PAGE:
Microsoft hopes to release an early preview build of the new Microsoft Edge sometime in early 2019. Still, the details for all this is pretty scarce at this moment, and that’s likely because Microsoft was effectively forced to reveal its plans to the public after the big leak from earlier this week.

The move to Chromium is certainly going to be a huge one for Edge as a browser. As EdgeHTML powers the web platform in UWP apps as well, the shift could be quite complicated. But if you, like me, have hated the stability of Edge in the past, this could be a welcome change. Or not. It all depends on how Microsoft implements Chromium and how swiftly everything happens.

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Comments (41)

41 responses to “Microsoft Confirms It Will Adopt Chromium for Microsoft Edge”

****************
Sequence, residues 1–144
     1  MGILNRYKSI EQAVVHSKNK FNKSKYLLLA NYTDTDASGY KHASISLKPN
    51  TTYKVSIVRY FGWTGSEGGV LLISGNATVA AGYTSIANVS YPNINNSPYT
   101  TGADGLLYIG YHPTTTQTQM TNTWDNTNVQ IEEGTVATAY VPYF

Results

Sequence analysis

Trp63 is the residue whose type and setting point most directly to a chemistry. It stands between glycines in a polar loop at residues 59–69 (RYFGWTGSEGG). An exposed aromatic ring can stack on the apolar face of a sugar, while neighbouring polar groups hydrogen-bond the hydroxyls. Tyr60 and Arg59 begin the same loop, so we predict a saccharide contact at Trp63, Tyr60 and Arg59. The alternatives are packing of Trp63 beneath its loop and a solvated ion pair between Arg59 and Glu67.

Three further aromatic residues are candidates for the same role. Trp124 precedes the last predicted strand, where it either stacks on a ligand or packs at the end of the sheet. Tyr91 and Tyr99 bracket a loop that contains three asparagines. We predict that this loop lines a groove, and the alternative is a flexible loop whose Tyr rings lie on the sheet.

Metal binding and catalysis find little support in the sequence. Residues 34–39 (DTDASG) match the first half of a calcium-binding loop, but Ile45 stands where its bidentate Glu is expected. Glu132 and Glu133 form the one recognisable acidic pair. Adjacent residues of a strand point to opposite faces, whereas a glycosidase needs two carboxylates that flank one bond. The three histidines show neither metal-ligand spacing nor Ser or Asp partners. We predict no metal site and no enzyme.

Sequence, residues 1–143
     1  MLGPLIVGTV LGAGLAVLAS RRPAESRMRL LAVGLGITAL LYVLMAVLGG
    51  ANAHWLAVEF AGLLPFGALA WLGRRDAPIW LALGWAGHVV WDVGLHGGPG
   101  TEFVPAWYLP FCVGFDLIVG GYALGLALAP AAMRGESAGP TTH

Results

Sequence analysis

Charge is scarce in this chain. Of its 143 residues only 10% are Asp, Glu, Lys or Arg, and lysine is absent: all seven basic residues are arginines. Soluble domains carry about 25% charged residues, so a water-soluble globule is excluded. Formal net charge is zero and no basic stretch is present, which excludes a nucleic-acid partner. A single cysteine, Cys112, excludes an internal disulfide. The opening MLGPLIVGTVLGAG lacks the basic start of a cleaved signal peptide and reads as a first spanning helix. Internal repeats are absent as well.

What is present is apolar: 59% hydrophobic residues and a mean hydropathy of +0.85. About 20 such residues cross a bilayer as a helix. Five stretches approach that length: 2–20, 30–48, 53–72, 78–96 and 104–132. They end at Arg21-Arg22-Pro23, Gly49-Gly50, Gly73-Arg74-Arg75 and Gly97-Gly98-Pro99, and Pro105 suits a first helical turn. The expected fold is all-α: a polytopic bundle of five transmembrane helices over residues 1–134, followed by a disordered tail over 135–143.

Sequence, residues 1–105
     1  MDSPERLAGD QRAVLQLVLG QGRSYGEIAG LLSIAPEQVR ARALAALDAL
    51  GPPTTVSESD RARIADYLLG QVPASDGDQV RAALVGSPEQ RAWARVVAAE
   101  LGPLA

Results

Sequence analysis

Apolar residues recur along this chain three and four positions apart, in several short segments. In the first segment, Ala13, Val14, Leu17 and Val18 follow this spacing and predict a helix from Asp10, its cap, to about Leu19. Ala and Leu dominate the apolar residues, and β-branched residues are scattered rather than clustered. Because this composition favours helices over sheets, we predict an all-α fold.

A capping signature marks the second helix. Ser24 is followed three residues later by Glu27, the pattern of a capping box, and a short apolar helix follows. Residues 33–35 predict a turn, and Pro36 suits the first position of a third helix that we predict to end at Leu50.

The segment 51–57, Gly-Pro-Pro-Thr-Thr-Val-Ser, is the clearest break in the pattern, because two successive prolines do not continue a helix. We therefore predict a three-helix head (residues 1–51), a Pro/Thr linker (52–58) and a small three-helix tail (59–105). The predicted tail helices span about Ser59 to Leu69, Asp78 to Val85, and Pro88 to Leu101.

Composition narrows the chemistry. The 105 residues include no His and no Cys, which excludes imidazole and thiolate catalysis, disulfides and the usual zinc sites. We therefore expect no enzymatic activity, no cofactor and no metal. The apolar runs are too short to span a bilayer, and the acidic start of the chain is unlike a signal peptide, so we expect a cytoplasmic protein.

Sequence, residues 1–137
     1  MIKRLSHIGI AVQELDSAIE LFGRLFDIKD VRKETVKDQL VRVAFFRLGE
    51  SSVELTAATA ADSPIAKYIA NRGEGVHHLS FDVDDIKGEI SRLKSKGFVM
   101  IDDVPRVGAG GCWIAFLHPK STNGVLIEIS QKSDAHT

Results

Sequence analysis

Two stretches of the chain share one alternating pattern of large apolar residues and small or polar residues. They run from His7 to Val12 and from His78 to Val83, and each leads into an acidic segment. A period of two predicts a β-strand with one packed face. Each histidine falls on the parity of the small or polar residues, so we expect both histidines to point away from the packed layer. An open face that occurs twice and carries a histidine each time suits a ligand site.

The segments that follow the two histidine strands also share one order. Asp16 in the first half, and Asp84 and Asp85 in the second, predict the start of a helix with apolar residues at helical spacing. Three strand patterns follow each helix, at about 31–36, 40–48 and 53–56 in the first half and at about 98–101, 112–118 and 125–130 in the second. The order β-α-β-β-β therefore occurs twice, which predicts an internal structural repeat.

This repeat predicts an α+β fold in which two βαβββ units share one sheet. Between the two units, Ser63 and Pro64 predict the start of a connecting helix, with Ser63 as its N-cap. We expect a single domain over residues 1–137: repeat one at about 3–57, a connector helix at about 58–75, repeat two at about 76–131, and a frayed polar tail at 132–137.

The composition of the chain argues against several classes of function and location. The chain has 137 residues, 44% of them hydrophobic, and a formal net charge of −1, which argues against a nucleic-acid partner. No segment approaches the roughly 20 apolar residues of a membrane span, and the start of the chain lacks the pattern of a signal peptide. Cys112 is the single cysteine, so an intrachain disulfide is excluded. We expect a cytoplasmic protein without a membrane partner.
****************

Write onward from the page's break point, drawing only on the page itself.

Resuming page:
1. Davor Radman

    If I can't login and sync to my google account, not much use for me.

  2. BudTugglie

    Why is Microsoft wasting money on another browser? What do they have to gain? There are enough browsers already in popular use. Once again, Microsoft comes late to a game that is already over.

    • Alastair Cooper

      In reply to BudTugglie:

      Even if people don't use their browser, it's a dependency for other technologies that render web content, like UWP apps as stated above. There are also a lot of Win32 applications that use Windows' bundled browser components.

      It's also one of the few outlets they have control over for integrating their online services (just as with Google and Chrome) so that's likely to be a big factor too.

      Also remember 15 years ago IE was dominant, Firefox was extremely capable but an also-ran on market share and Chrome didn't even exist. The game seemed to be over then but things change.

  3. reason42